A local resident is to launch a legal challenge to the London Borough of Haringey’s decision to press ahead with a development vehicle for one of the country’s largest regeneration schemes.
The Cabinet at the council chose Lendlease in February to be its 50/50 partner in the Haringey Development Vehicle. The 20-year scheme would create “thousands of new jobs and at least 5,000 new homes”, the north London authority said at the time.
However, claimant Gordon Peters, who is seeking to raise £4,000 through crowd funding website Crowd Justice for the next stage of his legal action, said: “At an eventual value of £2bn, it would be the biggest ever sell-off of public assets in local authority history.
“It will affect many of the present council estate residents who would lose their current homes as well as those who are currently homeless. The council have refused to give a written guarantee of a right to return on council tenancies, and only a small percentage of the new accommodation will be on social rents.
“Whilst some tenants might be rehoused locally, most will lose their current residential rights as tenants. The replacement homes will have a lack of genuinely affordable housing and there is no guarantee at all of social housing.”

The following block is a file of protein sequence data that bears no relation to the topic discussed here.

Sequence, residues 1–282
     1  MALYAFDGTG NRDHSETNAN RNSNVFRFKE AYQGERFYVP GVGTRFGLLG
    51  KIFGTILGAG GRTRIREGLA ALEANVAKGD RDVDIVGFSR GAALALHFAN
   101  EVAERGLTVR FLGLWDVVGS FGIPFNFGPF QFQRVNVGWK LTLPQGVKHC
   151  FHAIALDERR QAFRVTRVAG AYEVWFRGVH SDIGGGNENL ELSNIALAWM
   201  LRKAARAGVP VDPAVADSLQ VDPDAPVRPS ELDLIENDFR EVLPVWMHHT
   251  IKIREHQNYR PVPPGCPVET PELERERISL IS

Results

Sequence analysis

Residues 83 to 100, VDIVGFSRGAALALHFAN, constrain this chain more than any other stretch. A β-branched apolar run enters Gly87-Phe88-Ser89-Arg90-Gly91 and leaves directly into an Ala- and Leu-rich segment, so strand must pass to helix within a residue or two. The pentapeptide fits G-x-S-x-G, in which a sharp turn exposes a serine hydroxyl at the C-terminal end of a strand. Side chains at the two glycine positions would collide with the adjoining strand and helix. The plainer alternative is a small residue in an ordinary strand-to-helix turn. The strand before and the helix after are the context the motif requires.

Peters also claimed there was a high risk to all of Haringey residents “by putting so much of the public purse in the hands of a new limited company with no guaranteed income and no risk assessment shared”.
He argued that there had been “a serious lack of consultation, of democratic process, of transparency and accountability, as well as duties of equal treatment which must now be addressed in a court of law”.
The council had dismissed the concerns raised in his pre-action protocol letter, Peters added.
More than £8,000 has been raised already for legal costs so far but the additional £4,000 was needed so that barristers could make the case to the High Court. "We may well need more after that," the claimant said.
Peters added: “If we win – and our lawyers Leigh Day feel we have a very strong case, a judge can stop this vehicle in its tracks and make Haringey reconsider its options – including putting its case before the electorate in the council elections of 2018.”
So far £1,510 has been pledged towards the £4,000 target by 44 people, with 23 days of the fundraising still to go.